Wads of Tobacco, Songbooks, and Other Battlefield Tales
Battlefield annals are replete with incredible tales of bravery and cowardice, cool-headed resoluteness and wild, demonic fury, with strong doses of preparation, execution and adaptability. Most astonishing of all, perhaps, are the stories of chance and luck—heightened all the more in the context of life-and-death situations.
The Battle of Pea Ridge, an early clash in the Western Theater of the Civil War, was no exception. This battle, waged in northern Arkansas for control of the swing state of Missouri on March 7-8, 1862, involved over 26,000 men and resulted in well over 3,000 casualties. There was much close contact and fierce hand-to-hand fighting. A correspondent witnessed this battle and reported some fascinating details from the battleground.
This report was published by the Wooster Republican (Wooster, Ohio) on the front page of its March 27, 1862, issue:
A Life Saved by Tobacco
A private of the Twelfth Missouri was advancing toward the head of the Hollows on Saturday with his regiment, under a heavy fire from the enemy on a hill above, when he was struck by a musket ball near the heart and thrown heavily to the ground.
The poor fellow thought no doubt his last minute had come; but after lying for some minutes on the ground, and feeling no pain, he thought he would see if possible where he was hit.
He rose, and opened his vest, and discovered a large bullet half embedded in a large, thick, moist layer of tobacco, which he had stole the day before and placed under his garment for concealment.
The moist condition of the tobacco had prevented the leaden messenger from fulfilling its fatal mission.
A Song Book a Life-Preserver
For the sake of the time-honored tradition and all Sunday Schools, I am sorry to say I have heard of no instances in which a life was saved by a Bible; and I am bound to believe the fact is owing to the great scarcity of the sacred volume in the army, rather than to any want of preserving power of the Holy Book itself.
Of a secular song book I can relate a different story:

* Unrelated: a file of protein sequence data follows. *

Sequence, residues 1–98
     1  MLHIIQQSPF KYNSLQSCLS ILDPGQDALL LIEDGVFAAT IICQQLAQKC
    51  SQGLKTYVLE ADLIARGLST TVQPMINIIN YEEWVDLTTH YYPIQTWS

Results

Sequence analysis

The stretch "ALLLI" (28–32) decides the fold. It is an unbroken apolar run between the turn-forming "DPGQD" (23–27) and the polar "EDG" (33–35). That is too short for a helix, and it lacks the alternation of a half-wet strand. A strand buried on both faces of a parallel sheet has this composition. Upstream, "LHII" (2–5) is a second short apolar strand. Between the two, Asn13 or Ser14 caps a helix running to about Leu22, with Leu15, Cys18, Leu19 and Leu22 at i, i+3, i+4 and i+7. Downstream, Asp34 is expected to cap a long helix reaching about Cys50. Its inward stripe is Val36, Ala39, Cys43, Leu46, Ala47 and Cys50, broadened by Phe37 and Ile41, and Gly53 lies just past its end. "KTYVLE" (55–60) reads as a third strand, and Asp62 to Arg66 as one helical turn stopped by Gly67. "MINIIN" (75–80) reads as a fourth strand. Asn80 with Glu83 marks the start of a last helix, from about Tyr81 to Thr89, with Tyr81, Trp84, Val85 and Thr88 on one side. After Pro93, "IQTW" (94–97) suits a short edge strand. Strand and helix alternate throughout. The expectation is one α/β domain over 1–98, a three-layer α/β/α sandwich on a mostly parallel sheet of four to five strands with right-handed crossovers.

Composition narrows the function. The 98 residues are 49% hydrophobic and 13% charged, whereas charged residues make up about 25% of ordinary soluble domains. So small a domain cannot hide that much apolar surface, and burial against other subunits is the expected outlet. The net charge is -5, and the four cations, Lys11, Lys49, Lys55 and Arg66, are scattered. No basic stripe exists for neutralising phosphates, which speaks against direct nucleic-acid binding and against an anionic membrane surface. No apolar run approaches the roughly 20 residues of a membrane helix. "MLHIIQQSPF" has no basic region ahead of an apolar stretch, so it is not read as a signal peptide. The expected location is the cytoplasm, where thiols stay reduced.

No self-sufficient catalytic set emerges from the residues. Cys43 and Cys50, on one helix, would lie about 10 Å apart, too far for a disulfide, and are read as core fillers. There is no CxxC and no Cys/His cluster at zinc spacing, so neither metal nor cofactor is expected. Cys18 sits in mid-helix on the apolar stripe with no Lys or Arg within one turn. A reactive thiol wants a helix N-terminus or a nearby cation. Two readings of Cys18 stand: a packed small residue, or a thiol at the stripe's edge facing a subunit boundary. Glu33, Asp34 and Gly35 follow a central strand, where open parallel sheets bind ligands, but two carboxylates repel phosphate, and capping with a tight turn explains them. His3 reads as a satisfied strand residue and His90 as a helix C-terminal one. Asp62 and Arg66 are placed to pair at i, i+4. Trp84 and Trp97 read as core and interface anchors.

One of the 36th Illinois troops carried a volume of this sort in his cap, and a small rifle ball passed through the cloth and stunned him. He afterward found the bullet had gone through one of the covers of the book, and when he removed it the metallic fate fell from the leaves. I can only account for this phenomenon, that the verses of the song were so execrable that the ball, like any reader of good taste, could not, by any possibility, get more than half way through the extremely stupid contents.
Can it be said hereafter of the Illinois volunteer that his life is not worth a song?
Marvelous Instance of Sympathy
A very strange example of the influence of sympathy is reported to have occurred during the battle on Friday. Hiram P. Lord of the Twenty-fifth Missouri, Col. Phelps, while charging up a ravine fell as if dead, and his companions ran to him and asked if he was hurt. He did not answer, and it was soon discovered he had swooned. On reviving, he said he must have been struck by a ball, for he felt a pain in his left side, and had distinctly experienced the stunning and numbing sensation that results from a gunshot wound. His person was examined, and no mark or indication of injury was perceptible. He could not comprehend the mystery, but soon after resumed the fight, and forgot the sensation until he had returned to his camp, when he learned to his surprise and sorrow that his twin brother, George, was among the dead.